That limitation aside, one of the game's main strengths is that it gives you the freedom to tackle combat in whatever way best suits your play style.
As you collect hidden fairy crystals across the campaign, your wizard gets to upgrade spells with new abilities. This is where playstyle heavily factors into The Wizards gameplay, with options for reflecting enemy projectiles with the magic shield, charging up the fireball for extra damage, arcing lightning bolts to multiple enemies, and so on.
The Bottom Line
- First-person spellcrafting is awesome in VR
- Fun (and challenging) trap encounters
- Lots of replay with the arena mode
- Spell control can be difficult with the Move controllers
- There's not a ton of story, and what'st there is more silly than serious
- Not enough open areas with additional ledges for traversal
Although you'll be flinging lightning bolts at giants and goblins while trying to avoid flaming traps, its worth noting that The Wizards isn't a particularly serious fantasy adventure. It carries with it a much lighter, funnier tone than some other games in the fantasy genre, bringing the 2004 remake of The Bard's Tale to mind.
There also isn't a huge emphasis on story despite being a single-player game. The campaign is moved forward more by learning the spell mechanics than by getting to know specific NPCs or watching a sprawling story unfold.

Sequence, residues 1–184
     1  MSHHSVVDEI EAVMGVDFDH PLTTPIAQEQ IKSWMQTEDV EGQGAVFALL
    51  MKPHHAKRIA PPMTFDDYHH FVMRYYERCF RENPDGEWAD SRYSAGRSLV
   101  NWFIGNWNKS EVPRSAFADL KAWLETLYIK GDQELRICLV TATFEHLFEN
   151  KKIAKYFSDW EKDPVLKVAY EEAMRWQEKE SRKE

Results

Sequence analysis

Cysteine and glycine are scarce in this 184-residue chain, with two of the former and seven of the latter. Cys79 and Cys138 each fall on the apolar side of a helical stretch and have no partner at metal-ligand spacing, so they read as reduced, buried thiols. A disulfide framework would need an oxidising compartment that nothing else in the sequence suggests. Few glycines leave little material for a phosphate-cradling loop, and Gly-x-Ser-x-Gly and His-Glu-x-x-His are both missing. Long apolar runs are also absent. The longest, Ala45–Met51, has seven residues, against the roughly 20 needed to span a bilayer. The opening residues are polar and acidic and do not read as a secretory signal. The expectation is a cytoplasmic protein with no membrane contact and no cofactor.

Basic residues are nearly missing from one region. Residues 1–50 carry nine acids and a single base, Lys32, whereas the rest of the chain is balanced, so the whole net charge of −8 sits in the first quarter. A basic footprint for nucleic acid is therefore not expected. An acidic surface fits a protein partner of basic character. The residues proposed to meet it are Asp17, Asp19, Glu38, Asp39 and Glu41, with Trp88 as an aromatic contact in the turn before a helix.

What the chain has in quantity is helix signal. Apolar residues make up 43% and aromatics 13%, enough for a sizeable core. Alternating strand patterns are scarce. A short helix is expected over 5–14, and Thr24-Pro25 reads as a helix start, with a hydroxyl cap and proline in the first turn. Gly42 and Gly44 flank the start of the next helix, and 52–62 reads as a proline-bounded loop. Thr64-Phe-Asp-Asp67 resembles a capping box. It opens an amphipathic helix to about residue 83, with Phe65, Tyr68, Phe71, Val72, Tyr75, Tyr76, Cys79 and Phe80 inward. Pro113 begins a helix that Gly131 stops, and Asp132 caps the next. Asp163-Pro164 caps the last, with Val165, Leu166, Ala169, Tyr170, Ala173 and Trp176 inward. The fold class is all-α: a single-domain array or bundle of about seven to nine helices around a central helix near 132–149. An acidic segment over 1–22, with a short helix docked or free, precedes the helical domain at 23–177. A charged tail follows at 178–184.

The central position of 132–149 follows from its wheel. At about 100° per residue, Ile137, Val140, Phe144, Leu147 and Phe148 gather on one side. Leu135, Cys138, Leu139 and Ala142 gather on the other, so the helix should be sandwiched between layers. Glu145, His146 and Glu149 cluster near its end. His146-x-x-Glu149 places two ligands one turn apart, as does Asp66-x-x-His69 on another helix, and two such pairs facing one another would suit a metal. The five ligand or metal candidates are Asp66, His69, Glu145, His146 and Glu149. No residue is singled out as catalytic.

The game's campaign mode will last around five to seven hours depending on how frequently you die, which is actually pretty decent for a PSVR game. While you can replay campaign levels with different fate cards to make them easier or harder in various ways, that's not really where you'll find the most replay.
Instead, arena mode is probably where you'll spend the most of your time, especially if you bought The Wizards as a VR party game to show off to your friends. The replay value skyrockets here as you choose different battlegrounds with varying challenges while you try to survive as long as possible against waves of enemies.
But whether in campaign or the arena, The Wizards provides an overall satisfying, if sometimes frustratingly limited, take on the first-person fantasy genre.
It seems clear that VR developers are still figuring out how to make everything work smoothly, and they are hampered in some ways by the single camera setup of the PSVR, which makes tracking the controller and headset more of a challenge.
That leads to the same criticism I have at the end of nearly any PSVR game these days: if this was all just a little bit smoother and more intuitive, it would absolutely explode in popularity and overcome standard gaming entirely.
While that's not the case with The Wizards, it is a fun time for fantasy RPG fans who have wanted to take up the role of a fireball-flinging wizard.
[Note: A copy of The Wizards Enhanced Edition was provided by Carbon Studio Games for the purpose of this review.]